The team’s work is yet another feat in the quest to uncover how the body’s immune system fights an enormous array of antigens, employing a delicate balance of mutations.

"Mutations can be both helpful and harmful," Petruska said. "Balance is key."

Gia Scafidi | EurekAlert!
Further information:
http://www.usc.edu/

More articles from Life Sciences:

nachricht The birth of a new protein
20.10.2017 | University of Arizona

nachricht Building New Moss Factories
20.10.2017 | Albert-Ludwigs-Universität Freiburg im Breisgau

All articles from Life Sciences >>>

The most recent press releases about innovation >>>

Die letzten 5 Focus-News des innovations-reports im Überblick:

Im Focus: Neutron star merger directly observed for the first time

University of Maryland researchers contribute to historic detection of gravitational waves and light created by event

On August 17, 2017, at 12:41:04 UTC, scientists made the first direct observation of a merger between two neutron stars--the dense, collapsed cores that remain...

Im Focus: Breaking: the first light from two neutron stars merging

Seven new papers describe the first-ever detection of light from a gravitational wave source. The event, caused by two neutron stars colliding and merging together, was dubbed GW170817 because it sent ripples through space-time that reached Earth on 2017 August 17. Around the world, hundreds of excited astronomers mobilized quickly and were able to observe the event using numerous telescopes, providing a wealth of new data.

Previous detections of gravitational waves have all involved the merger of two black holes, a feat that won the 2017 Nobel Prize in Physics earlier this month....

Im Focus: Smart sensors for efficient processes

Material defects in end products can quickly result in failures in many areas of industry, and have a massive impact on the safe use of their products. This is why, in the field of quality assurance, intelligent, nondestructive sensor systems play a key role. They allow testing components and parts in a rapid and cost-efficient manner without destroying the actual product or changing its surface. Experts from the Fraunhofer IZFP in Saarbrücken will be presenting two exhibits at the Blechexpo in Stuttgart from 7–10 November 2017 that allow fast, reliable, and automated characterization of materials and detection of defects (Hall 5, Booth 5306).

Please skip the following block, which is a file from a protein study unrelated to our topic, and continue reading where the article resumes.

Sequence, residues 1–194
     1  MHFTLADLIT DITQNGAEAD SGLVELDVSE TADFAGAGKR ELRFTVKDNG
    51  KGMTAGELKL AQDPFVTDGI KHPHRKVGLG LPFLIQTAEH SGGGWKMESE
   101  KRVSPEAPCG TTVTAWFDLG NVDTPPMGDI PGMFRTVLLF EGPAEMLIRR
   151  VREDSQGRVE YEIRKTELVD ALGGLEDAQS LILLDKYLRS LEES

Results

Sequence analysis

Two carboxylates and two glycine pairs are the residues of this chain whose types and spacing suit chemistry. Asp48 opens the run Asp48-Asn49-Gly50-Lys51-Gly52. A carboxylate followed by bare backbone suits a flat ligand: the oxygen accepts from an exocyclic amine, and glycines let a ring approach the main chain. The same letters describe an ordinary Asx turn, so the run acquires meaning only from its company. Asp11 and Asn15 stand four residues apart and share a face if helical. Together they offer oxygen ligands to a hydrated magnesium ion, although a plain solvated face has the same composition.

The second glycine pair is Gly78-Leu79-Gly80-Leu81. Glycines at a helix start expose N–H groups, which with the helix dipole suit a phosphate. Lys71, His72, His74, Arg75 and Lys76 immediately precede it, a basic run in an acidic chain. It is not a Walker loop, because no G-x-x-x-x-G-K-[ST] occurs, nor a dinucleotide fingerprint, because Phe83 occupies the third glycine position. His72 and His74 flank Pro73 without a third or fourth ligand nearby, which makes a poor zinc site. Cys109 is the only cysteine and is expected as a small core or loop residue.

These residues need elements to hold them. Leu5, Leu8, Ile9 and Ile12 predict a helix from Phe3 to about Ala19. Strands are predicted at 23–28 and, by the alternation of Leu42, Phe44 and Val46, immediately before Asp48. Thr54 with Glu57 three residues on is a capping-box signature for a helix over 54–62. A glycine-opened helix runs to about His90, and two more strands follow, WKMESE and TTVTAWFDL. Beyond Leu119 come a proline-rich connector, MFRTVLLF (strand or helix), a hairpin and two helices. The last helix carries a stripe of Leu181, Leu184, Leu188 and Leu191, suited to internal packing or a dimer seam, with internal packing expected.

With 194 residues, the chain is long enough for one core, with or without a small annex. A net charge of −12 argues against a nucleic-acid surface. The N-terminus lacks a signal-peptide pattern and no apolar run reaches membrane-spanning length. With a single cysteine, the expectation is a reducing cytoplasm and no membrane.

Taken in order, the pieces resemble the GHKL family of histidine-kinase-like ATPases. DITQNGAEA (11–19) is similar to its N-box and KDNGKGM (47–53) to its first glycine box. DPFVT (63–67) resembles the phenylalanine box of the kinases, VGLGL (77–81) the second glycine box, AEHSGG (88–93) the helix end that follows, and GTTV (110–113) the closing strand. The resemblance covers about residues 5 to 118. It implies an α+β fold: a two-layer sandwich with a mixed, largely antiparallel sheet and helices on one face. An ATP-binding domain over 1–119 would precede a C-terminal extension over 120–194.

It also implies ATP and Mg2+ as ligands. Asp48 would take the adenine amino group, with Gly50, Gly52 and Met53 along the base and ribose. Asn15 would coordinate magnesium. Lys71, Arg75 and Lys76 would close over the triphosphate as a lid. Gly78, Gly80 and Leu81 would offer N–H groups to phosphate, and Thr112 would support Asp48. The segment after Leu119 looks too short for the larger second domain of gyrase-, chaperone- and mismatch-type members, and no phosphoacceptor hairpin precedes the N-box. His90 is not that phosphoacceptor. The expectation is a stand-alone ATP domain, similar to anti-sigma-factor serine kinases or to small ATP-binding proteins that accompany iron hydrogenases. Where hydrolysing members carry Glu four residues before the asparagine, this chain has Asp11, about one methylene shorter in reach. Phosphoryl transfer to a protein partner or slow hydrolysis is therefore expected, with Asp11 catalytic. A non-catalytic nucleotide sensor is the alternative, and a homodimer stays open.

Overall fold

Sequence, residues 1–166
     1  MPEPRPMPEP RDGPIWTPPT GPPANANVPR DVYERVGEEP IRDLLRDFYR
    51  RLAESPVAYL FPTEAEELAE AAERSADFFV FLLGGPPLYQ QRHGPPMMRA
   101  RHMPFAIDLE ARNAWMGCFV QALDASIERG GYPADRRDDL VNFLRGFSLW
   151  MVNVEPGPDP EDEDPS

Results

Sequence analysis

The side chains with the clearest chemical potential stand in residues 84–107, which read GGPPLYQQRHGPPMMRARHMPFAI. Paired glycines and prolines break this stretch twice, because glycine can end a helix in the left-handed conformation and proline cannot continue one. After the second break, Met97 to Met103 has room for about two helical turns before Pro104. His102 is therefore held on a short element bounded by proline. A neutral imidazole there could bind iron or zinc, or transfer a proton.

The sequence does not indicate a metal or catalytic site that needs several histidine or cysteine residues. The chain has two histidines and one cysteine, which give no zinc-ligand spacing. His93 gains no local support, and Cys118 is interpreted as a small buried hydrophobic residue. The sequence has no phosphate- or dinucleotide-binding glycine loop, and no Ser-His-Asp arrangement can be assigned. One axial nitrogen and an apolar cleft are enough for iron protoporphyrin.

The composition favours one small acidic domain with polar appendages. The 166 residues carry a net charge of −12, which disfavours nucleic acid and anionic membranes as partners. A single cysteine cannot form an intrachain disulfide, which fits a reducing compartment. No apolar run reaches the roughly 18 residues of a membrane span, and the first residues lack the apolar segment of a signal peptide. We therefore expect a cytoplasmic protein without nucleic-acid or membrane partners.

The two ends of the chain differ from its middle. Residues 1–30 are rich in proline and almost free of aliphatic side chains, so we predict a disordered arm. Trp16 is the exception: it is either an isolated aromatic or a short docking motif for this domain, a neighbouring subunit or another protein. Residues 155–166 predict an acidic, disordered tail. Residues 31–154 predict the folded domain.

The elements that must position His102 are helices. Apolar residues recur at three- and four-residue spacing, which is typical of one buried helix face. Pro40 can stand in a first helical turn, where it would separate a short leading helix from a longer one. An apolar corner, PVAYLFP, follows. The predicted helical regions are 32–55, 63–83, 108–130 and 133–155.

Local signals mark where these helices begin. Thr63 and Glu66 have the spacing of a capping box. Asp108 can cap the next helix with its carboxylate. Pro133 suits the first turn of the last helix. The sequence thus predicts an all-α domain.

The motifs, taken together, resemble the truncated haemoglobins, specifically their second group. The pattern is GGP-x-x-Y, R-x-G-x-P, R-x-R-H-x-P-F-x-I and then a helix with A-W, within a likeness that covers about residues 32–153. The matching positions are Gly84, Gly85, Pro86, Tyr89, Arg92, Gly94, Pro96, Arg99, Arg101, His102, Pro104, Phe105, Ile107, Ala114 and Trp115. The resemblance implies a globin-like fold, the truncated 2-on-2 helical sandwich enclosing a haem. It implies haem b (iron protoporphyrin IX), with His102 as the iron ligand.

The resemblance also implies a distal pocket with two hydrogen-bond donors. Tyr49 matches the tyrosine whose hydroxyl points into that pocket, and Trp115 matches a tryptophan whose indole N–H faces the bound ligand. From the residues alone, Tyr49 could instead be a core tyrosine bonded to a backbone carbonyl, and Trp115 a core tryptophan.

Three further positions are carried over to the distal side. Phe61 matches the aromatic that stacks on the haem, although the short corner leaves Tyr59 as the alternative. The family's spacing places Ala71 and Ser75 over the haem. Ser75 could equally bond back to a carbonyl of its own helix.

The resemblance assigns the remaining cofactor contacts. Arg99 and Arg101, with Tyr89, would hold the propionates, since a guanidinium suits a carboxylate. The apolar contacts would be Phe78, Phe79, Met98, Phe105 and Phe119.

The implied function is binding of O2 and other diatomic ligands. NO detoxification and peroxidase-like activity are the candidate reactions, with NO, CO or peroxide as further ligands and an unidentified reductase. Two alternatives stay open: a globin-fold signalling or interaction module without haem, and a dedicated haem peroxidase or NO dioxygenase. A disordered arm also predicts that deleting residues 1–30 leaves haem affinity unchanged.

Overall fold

When quality testing uses time-consuming destructive test methods, it can result in enormous costs due to damaging or destroying the products. And given that...

Im Focus: Cold molecules on collision course

Using a new cooling technique MPQ scientists succeed at observing collisions in a dense beam of cold and slow dipolar molecules.

How do chemical reactions proceed at extremely low temperatures? The answer requires the investigation of molecular samples that are cold, dense, and slow at...

Im Focus: Shrinking the proton again!

Scientists from the Max Planck Institute of Quantum Optics, using high precision laser spectroscopy of atomic hydrogen, confirm the surprisingly small value of the proton radius determined from muonic hydrogen.

It was one of the breakthroughs of the year 2010: Laser spectroscopy of muonic hydrogen resulted in a value for the proton charge radius that was significantly...

All Focus news of the innovation-report >>>

Anzeige

Anzeige

Event News

ASEAN Member States discuss the future role of renewable energy

17.10.2017 | Event News

World Health Summit 2017: International experts set the course for the future of Global Health

10.10.2017 | Event News

Climate Engineering Conference 2017 Opens in Berlin

10.10.2017 | Event News

 
Latest News

Terahertz spectroscopy goes nano

20.10.2017 | Information Technology

Strange but true: Turning a material upside down can sometimes make it softer

20.10.2017 | Materials Sciences

NRL clarifies valley polarization for electronic and optoelectronic technologies

20.10.2017 | Interdisciplinary Research

VideoLinks
B2B-VideoLinks
More VideoLinks >>>